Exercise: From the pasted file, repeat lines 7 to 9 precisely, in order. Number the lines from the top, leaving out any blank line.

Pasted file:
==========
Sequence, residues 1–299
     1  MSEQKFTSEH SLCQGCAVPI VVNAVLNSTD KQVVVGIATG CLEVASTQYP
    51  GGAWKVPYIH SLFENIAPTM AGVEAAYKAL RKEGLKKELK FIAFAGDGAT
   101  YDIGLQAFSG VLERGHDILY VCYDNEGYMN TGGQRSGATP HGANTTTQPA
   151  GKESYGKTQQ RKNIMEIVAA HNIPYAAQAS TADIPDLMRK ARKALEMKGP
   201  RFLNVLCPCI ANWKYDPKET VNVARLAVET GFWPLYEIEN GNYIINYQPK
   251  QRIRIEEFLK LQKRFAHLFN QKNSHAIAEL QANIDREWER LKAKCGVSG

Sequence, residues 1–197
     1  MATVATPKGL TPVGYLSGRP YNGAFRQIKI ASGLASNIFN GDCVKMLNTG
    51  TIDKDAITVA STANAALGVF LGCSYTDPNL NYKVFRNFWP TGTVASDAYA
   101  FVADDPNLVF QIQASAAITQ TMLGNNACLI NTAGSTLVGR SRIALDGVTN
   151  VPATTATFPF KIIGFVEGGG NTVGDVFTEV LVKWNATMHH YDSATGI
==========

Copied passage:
   251  QRIRIEEFLK LQKRFAHLFN QKNSHAIAEL QANIDREWER LKAKCGVSG

Sequence, residues 1–197
     1  MATVATPKGL TPVGYLSGRP YNGAFRQIKI ASGLASNIFN GDCVKMLNTG